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  • Emily Tessmer

Riding A Bucking Bronco: One Family's Journey with Alzheimer’s Disease


Maybe it’s the air pollution from Genesee Avenue, or maybe it’s all of those benzodiazepine-based meds she took throughout the years to combat her anxiety and PTSD.


Maybe it’s the presence of glyphosate in the non-organic foods that were on the dinner table every night that is creating those beta-amyloid 42 proteins to build up.


“Do you love me?”


“I am forever your loving husband.”


The tears stream down.


And the next moment, “Do you know where my husband is?”


He is downstairs reading, but to her, he has left no trace and she feels abandoned and distraught.


“I think he is on a fishing trip in Wisconsin, mom.”


“Again?"


With Alzheimer’s, it is impossible to predict what will happen next, and it is equally impossible to seek out lasting solutions. The ground is shifting on the daily.


Our family is riding a bucking bronco.


One of the angles suggested in order to maintain harmony, is to tell little white lies in order to protect her emotions from the hard truth, which is, “We already told you that.”, or “You have told us this already.”


The part of her brain responsible for handing off information to where memories are stored is no longer able to make those connections, and somedays she is no longer able to recognize the faces she once knew.


Her brain is changing, and intermittently she is no longer able to process what she sees as a whole picture. This, is why many with the disease, are no longer able to recognize the faces of their loved ones.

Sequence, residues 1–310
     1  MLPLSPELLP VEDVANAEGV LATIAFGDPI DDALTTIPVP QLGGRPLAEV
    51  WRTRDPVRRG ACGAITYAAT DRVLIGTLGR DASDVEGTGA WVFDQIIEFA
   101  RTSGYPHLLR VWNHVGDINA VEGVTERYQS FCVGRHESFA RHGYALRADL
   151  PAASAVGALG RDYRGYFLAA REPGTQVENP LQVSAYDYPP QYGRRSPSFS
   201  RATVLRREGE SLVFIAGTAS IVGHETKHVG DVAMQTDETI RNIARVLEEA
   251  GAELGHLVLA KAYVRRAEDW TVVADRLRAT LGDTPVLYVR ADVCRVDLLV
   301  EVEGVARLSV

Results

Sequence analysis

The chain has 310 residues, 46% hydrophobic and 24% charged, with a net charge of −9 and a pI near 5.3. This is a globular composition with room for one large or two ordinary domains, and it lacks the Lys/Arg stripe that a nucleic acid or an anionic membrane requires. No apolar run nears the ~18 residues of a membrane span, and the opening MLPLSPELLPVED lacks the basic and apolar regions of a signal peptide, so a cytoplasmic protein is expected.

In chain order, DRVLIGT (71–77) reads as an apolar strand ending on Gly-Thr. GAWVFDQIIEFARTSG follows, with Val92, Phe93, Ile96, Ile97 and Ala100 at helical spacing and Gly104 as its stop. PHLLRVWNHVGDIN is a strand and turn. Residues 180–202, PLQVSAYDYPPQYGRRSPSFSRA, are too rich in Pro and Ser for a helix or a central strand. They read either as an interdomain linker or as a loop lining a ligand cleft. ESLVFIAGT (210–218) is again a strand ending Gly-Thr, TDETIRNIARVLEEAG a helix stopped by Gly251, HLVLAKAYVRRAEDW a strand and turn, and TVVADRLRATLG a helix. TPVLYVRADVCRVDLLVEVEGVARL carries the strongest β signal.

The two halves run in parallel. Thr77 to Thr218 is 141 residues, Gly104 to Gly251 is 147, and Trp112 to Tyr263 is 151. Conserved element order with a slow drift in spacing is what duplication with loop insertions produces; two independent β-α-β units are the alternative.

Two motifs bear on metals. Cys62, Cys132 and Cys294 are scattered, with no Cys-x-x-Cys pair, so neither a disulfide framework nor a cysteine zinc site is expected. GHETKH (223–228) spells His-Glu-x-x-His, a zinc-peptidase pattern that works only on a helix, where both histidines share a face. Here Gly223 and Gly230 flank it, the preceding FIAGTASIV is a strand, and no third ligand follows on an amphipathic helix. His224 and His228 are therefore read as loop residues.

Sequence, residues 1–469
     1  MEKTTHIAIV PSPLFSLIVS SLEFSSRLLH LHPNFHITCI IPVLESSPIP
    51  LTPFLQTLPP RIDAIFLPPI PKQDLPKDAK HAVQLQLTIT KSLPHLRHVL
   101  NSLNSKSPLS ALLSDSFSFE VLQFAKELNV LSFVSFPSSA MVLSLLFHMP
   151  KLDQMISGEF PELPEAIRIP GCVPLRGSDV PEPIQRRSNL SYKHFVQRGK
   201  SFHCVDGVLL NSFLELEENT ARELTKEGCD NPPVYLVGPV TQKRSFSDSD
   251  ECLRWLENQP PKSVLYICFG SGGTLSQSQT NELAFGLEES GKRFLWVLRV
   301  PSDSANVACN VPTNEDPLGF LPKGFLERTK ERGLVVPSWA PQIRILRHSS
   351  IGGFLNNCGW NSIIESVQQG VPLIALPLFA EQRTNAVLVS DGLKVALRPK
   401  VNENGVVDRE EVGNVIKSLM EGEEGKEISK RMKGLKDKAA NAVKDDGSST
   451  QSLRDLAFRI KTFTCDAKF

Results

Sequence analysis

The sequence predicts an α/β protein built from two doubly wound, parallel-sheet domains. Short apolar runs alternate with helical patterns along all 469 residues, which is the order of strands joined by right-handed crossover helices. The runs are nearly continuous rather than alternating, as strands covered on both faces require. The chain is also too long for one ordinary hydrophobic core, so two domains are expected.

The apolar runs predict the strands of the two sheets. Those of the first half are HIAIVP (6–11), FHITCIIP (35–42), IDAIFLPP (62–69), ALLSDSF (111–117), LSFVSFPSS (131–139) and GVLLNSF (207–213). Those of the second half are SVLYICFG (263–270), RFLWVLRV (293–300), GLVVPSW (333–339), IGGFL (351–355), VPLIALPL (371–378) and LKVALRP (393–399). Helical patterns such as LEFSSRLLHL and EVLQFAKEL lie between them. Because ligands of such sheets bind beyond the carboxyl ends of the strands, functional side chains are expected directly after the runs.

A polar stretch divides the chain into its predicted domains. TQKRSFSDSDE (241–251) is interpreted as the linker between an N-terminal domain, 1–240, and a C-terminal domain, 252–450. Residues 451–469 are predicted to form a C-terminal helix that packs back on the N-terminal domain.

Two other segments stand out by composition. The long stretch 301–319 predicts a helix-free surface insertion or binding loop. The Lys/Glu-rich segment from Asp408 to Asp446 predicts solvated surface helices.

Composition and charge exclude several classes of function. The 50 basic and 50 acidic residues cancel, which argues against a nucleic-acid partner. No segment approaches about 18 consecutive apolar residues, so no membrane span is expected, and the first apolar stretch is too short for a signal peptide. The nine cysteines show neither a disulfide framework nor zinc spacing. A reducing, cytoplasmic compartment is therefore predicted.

Her perception of reality is now fragmented, and we are left to pick up the pieces.


There are good days and bad days. Days where she is with it till the end, and days fraught with confusion and anxiety. The key to our survival, is to go with her reality, and not argue with or correct her, because it is counterproductive and will inevitably cause shame, anxiety and sadness.


Just because she has a hard time remembering what happened five minutes ago, doesn’t mean that she doesn’t feel the emotions surrounding the pain of having the disease.


One in five women will develop Alzheimer’s by age 65, and two thirds of the cases are in women.


The hidden gift in Alzheimer’s disease, is that the present moment is all we have together. It doesn’t matter what has happened in the past, or what will happen in the future.


And in the words of Ram Dass, all we need is to ‘Be Here Now’, my beautiful mom, my greatest teacher.


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